The Senate parliamentarian has dealt a potentially lethal blow to Democrats’ drive to hike the minimum wage, deciding that the cherished progressive goal must fall from a massive COVID-19 relief bill the party is trying to speed through Congress, Democratic Senate aides said Thursday.
The finding by Elizabeth MacDonough, the chamber’s nonpartisan arbiter of its rules, comes as Democrats prepare for House approval Friday of an initial version of the $1.9 trillion package that still includes the minimum wage boost.
It also forces Democrats to make politically painful choices about what to do next on the minimum wage, which has long caused internal party rifts.
Progressives seeking to maximize Democratic control of the White House and Congress have wanted party leaders to push aggressively on the issue. The proposal would gradually raise the federal minimum wage to $15 over five years, well over the $7.25 in effect since 2009.
But Democratic Sens. Joe Manchin of West Virginia and Kyrsten Sinema of Arizona have voiced opposition to including the minimum wage hike in the relief bill, and other moderates have expressed concerns, too.
That suggests Democrats could well lack the strength they need for it to survive. Democrats control the 50-50 Senate with Vice President Kamala Harris’ tiebreaking vote and can’t lose any of their senators to prevail. Republicans solidly oppose the hike to $15.
The overall relief bill is Biden´s first legislative priority. It is aimed at combatting a year-old pandemic that´s stalled much of the economy, killed half a million Americans and reshaped the daily lives of virtually everyone.
But first, Senate parliamentarian Elizabeth MacDonough was expected at any time to reveal whether that chamber’s rules would allow the minimum wage provision to remain in that bill. If she decides language raising the minimum to $15 hourly by 2025 must be dropped, it could all but kill the increase’s chances of survival for now.
While Biden supports the increase to $15, the White House seemed to signal reluctance to pursue one rarely used option.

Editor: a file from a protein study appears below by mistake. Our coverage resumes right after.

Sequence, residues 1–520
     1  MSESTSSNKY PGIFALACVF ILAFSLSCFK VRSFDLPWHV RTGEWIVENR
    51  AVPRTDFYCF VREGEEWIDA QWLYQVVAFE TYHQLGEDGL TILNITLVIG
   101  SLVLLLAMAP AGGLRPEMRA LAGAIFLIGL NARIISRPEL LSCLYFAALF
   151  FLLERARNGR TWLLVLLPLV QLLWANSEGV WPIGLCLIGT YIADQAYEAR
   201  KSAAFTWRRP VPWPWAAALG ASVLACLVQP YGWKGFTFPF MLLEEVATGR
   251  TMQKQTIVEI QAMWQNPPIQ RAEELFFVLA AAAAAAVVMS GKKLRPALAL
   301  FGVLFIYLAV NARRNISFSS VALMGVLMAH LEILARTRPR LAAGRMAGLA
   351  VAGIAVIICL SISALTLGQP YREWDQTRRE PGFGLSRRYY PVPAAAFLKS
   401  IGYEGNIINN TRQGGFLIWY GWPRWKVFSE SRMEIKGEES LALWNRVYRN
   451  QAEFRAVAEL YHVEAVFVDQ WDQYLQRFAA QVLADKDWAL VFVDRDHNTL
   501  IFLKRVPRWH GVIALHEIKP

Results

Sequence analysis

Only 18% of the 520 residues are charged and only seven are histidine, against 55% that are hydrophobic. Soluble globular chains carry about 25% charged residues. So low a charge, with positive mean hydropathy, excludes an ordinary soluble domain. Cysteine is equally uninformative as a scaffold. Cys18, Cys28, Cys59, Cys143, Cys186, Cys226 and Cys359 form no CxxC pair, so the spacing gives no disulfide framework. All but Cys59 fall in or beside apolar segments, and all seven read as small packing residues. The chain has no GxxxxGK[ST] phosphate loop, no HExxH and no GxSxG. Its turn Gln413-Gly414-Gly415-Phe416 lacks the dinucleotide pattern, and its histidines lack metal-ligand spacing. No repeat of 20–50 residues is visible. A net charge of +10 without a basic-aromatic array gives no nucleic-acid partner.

Democrats could bust through decades of Senate precedent, ignore the parliamentarian´s view and keep the minimum wage provision in the bill with their 51 votes. But moves like that are anathema to many Senate traditionalists like Biden, a 36-year veteran of the chamber, and would invite tit-for-tat retaliation by Republicans.
‘It would be a serious step for the vice president to take that step,’ White House press secretary Jen Psaki said of Kamala Harris, who likely would preside over the Senate at that critical moment. ‘And obviously, she and the president respect the historic institution of the Senate. It would also require 50 votes.’
Democratic Sens. Joe Manchin of West Virginia and Kyrsten Sinema of Arizona have voiced opposition to including the $15 minimum wage in the relief bill and other moderates have expressed concerns too, making it unclear that Democrats could rally the support they’d need to prevail. They control the Senate with Harris’ tie-breaking vote.
White House chief of staff Ron Klain went further Wednesday in distancing the administration from flouting the Senate’s usual procedures.
‘Certainly, that´s not something we would do,’ he told MSNBC host Joy Reid. ‘We´re going to honor the rules of the Senate and work within that system to get this bill passed.’
Republicans solidly oppose the $15 minimum wage target as an expense that would hurt businesses and cost jobs. They also oppose the overall relief bill, saying it’s too expensive, not targeted enough at people and businesses that most need it and a grab bag of gifts for Democratic allies.
If MacDonough decides the minimum wage provision can remain in the bill, it would be a major boost for its proponents. But there would still be no guarantee the measure would survive because of opposition from some Democrats, suggesting that grueling bargaining on its final form would lie ahead.
Every Democrat would have enormous leverage in such talks, because the party has just a 10-vote edge in the House and no votes to spare in the 50-50 Senate.
It is unclear what such negotiations would produce. Democrats have discussed options including taking additional years to reach $15, lowering the dollar target, phasing the increase in by region of the country and letting the new figure grow automatically under some formula.
Rep. Scott Peters, D-Calif., was among several Democrats who´ve expressed support for creating a way for the minimum wage to automatically keep abreast of inflation and pay scales. He added, ‘I´m not religious or doctrinaire about how to do it.’
The pandemic relief legislation would provide millions of people with $1,400 direct payments. It contains billions of dollars for vaccines and COVID-19 testing, schools, state and local governments, the ailing restaurant and airline industries and emergency jobless benefits while providing tax breaks to lower earners and families with children.
Democrats are pushing the $1.9 trillion measure through Congress under special rules that will let them avoid a Senate filibuster by Republicans, a tactic that Democrats would need an unattainable 60 votes to defeat.
But those same Senate rules prohibit provisions with only an ‘incidental’ impact on the federal budget because they are chiefly driven by other policy purposes. The parliamentarian decides if provisions pass that test.
The minimum wage has stood at $7.25 since 2009.